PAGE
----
Notes From The Zookeeper: The Pancake Predicament

One of the things I love about my job is the constant need to problem solve. It’s an unending puzzle.  How do I get a fat snake to breed? How do I help said fat snake reduce her girth so that she is healthier? How do I keep each animal’s brain and instincts engaged according to their needs? As a zookeeper, we have to think outside of the box all the time. But this week, a puzzle popped up that was totally INSIDE the box; the nesting box.

Pancake Tortoises (Malacochersus tornieri) are one of my favorite species. They are weird and funny, and they have unexpected super powers. I spray the tortoises daily to raise humidity, and this week after I sprayed them, I found this (please forgive the quality of photos, or lack thereof. I had to use the camera on my little phone):

how to breed pancake tortoise

Check it out! She is digging a nest for egg-laying! Note the dirt on her back. She kicks up quite a bit of it as she digs.

Tortoises are not domesticated animals. Although they have the ability to learn, they operate almost entirely on instinct. Pancake Tortoises, like most other tortoises, like to dig deep in order to lay their eggs. Like, really deep. When they nest, they dig, dig, dig with their hind feet, and if they hit a hard spot, say a rock or in this case, the bottom of their enclosure, they stop. Their tortoise instinct says that a shallow nesting spot is worst than NO nesting spot. They abandon the hole and move to higher ground. That’s what happened here. She dug, she dug, she quit.

Here’s the tough bit. I don’t know exactly what conditions she is looking for. Depth, of course, but she doesn’t know how deep the soil is until she starts digging. Other factors come into play. Some tortoises (and it can vary even within a species) will choose a warmer spot. Others will prefer a cooler one. Some want shelter, some want space. So what does she want? When I add soil to make it deeper, she might choose a shallow spot. When I add water so that it holds together, she choose a dry one.

This is where it gets fun. Remember that super power I mentioned? This species of tortoise can CLIMB! They live in kopjes, which are basically giant rock piles. To visit the neighbors or make a love connection, they may need to scale a few rocks. They especially like to climb…wait for it… when they are ready to nest. So if the soil is too deep, she can climb out of the house and go on walkabout. It’s for this reason that we keep a heavy cover on the enclosure.

My solution this time was to heap up a pile of wet soil that was wider than she is long so that she would have deep soil no matter which way she angled her body. She nested under the heat lamp last time, so that’s where I built Mount Pancake. Would it work? The next morning, here she was:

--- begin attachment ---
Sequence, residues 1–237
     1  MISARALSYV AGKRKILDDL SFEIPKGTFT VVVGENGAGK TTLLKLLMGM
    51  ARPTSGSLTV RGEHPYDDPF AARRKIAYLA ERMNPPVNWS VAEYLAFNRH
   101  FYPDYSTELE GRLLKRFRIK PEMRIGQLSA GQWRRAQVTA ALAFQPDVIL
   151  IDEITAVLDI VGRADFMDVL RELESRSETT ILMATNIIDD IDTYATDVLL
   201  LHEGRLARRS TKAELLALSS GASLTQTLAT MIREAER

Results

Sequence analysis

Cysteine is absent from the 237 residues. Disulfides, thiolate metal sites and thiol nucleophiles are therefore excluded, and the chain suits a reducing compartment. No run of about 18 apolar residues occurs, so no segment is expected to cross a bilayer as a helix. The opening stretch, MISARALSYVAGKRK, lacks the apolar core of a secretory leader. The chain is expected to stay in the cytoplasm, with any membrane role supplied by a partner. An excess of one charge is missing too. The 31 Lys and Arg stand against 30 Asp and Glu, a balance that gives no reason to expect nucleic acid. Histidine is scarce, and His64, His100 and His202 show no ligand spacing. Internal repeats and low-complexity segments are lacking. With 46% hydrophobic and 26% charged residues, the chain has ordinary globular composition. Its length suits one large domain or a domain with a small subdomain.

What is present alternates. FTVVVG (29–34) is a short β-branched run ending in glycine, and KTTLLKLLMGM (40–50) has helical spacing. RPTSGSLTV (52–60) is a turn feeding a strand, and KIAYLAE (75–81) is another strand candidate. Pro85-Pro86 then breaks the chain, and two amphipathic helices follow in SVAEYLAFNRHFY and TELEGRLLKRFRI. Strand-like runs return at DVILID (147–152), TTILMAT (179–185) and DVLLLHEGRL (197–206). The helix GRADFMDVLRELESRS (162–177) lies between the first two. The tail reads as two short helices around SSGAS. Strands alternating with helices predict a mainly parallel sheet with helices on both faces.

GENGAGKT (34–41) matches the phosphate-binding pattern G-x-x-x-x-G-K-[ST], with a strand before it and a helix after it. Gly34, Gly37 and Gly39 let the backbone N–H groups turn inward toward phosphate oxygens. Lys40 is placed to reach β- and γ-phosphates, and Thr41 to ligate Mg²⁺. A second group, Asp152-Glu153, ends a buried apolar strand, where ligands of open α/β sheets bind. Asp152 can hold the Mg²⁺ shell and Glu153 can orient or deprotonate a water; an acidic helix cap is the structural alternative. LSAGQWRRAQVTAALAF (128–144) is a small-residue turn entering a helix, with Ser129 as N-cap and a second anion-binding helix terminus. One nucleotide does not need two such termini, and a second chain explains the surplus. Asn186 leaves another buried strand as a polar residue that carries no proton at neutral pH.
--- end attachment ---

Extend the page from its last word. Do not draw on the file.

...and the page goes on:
Look! She's basking! Reptiles are cold-blooded, so she may be warming up for the hard work ahead

Look! She’s basking! Reptiles are cold-blooded, so she may be warming up for the hard work ahead

A couple of hours later, I came back, and she was nowhere in sight. I found her under her hide box, but the mountain looked the same. Most tortoises and turtles cover their nests so completely that you would never know they had been there. Had she nested? I checked.

The egg was so fresh, it was still slimy. But it looks good! How do I know? The egg couldn’t have been more than 90 minutes old, and it had already started to band.

Banding is the first indicator of fertility. It’s a sign that the embryo and air pocket have begun to make their separation.

This egg was immediately popped in the chiller. Without cooling for a few weeks at 65 degrees, the egg embryo will never develop. Once placed in the incubator at 88 degrees, it will take about three months before it hatches.

Stay tuned next week when I share photos from my most recent hatching and maybe let you know if The Professor has made any inroads on wooing his lady.

She's on the left. The Professor is on the right. It sure looks like he's been friend-zoned.

She’s on the left. The Professor is on the right. It sure looks like he’s been friend-zoned.

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23 thoughts on “Notes From The Zookeeper: The Pancake Predicament

  1. Okay, why does she deposit the egg under the heat lamp if it needs a cooling period to be viable? There has to be instinct about egg laying behavior to promote success, right? Or, how deep did she put it? Nerd question, but I wondered. Also, how did you dig in wet dirt without damaging the egg? p.s. I need your address for the package. Will send pic later today. It is looking great!

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